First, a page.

The streets had turned themselves inside out: our city had turned against us.

It is this that sets apart the thousand million people who inhabit the subcontinent from the rest of the world- not language, not food, not music- it is the special quality of loneliness that grows out of the fear of war between oneself and one's image in the mirror.

The madness of riot is a pathological inversion, but also therefore a reminder, of that indivisible sanity that binds people to each other independently of their governments. And that prior, independent relationship is the natural enemy of government, for it is in the logic of states that to exist at all, they must claim monopoly of all relationships between people. The theatre of war, where generals meet, is the stage on which the states disport themselves: they have no use for the memories of riots.

A grown up author picks up old newspapers once to find out news reports about the riots which were held in his city, and which got reverberated in Bangladesh as well, where his grandmother and Tribid were, and in the event, Tribid became a victim of the mob, getting lynched by the anomie, one that had long forgone rationality. This was during the time when Bangladesh was struggling to lose its identity as East Pakistan.

There is nothing quite as evocative as an old newspaper. There is something in its urgent contemporaneity- the weather reports, the list of that day's engagement in the city, the advertisement for half remembered films, still crying out in bold print as though it were all happening now, today- and the feeling besides, that one may once have handled, if not that very paper, then it's exact likeness, its twin, which transports one in time as nothing else can.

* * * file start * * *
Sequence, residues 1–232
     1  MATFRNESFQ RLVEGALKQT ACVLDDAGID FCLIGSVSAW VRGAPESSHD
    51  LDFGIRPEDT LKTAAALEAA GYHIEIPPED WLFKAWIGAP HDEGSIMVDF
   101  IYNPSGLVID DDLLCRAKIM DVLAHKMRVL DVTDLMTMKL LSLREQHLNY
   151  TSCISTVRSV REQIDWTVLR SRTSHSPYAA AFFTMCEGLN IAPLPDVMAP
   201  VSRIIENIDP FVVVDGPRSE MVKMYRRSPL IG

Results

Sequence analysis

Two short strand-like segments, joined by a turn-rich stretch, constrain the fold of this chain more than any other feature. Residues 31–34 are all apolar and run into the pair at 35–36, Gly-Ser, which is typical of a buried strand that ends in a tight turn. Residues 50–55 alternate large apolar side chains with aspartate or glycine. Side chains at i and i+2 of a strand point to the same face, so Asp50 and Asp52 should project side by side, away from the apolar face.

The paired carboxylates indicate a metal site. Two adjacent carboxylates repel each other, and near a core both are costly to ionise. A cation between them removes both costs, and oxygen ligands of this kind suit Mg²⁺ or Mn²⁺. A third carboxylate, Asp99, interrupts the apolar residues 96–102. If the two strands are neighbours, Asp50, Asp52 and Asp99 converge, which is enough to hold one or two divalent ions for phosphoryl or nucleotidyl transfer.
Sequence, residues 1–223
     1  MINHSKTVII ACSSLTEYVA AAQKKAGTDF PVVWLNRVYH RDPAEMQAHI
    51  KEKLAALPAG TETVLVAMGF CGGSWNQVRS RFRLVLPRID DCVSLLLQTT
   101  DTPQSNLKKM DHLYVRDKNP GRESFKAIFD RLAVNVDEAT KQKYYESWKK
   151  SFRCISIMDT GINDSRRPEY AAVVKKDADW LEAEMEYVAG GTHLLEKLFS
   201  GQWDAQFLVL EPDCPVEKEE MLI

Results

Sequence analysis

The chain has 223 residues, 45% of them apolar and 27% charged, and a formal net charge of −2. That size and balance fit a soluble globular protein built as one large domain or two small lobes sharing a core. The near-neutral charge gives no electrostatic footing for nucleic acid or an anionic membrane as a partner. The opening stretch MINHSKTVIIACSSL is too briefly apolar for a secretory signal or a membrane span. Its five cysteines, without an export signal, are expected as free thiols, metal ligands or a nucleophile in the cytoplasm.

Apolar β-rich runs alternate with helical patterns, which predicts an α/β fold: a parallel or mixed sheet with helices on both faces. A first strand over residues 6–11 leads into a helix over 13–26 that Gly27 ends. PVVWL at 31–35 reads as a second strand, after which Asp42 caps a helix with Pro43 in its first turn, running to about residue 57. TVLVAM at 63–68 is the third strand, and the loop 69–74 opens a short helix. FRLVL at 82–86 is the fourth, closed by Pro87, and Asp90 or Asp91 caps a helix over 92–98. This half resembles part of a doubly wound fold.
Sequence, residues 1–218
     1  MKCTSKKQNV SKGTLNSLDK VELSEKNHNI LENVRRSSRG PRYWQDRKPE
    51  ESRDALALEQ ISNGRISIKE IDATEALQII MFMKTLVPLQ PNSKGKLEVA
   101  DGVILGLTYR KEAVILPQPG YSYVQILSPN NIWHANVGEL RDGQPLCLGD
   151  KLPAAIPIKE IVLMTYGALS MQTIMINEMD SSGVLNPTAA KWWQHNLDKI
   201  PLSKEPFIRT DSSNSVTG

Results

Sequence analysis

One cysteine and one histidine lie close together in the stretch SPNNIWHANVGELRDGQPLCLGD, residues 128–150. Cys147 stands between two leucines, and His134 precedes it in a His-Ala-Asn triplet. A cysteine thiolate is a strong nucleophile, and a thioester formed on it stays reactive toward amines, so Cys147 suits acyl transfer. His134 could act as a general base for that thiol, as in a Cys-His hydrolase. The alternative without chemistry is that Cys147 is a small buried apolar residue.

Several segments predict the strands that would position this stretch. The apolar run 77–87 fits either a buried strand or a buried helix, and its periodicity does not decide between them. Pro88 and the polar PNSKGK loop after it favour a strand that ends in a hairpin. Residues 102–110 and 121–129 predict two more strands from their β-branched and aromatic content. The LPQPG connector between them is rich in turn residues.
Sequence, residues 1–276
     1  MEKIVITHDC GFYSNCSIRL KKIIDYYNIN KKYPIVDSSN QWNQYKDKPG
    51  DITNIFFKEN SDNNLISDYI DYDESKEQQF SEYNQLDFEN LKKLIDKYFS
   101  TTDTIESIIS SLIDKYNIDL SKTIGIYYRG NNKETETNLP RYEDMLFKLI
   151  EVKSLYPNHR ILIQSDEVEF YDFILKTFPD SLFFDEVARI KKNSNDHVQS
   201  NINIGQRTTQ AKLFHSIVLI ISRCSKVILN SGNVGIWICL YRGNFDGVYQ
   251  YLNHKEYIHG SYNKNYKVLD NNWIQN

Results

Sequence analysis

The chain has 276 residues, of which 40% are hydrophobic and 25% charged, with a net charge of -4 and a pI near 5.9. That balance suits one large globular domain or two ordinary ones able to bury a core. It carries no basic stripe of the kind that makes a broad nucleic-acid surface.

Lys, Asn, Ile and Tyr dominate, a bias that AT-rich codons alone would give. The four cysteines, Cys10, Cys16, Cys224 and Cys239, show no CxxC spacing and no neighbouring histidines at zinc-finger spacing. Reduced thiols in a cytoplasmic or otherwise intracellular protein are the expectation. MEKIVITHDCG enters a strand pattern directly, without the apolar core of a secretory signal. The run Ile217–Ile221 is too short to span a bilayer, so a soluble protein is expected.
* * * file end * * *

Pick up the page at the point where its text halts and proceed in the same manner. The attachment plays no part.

The author finds himself very disturbed by these reports and all those memories of the riots and the death of Tridib. So he picks up an atlas and a compass and placing the sharp tip at Khulna (about a hundred miles from Calcutta) and the pencil end at Srinagar, he draws a circle on the map, and learns the meaning of distance.

The simple fact that there had never been a moment in the four-thousand-year-old history of that map, when the places we know as Dhaka and Calcutta were more closely bound to each other than after they had drawn their lines- so closely that I, in Calcutta, had only to look into the mirror to be in Dhaka; a moment when each city was the inverted image of the other, locked into an irreversible symmetry by the line that was to set us free- our looking glass-border.

And: How can anyone divide a memory...?

The book is well written, a very intense narrative and a spot on message.

P.S. I am really not jobless. But this post is equivalent to marking your favorite abstracts from the text so you can re-visit them.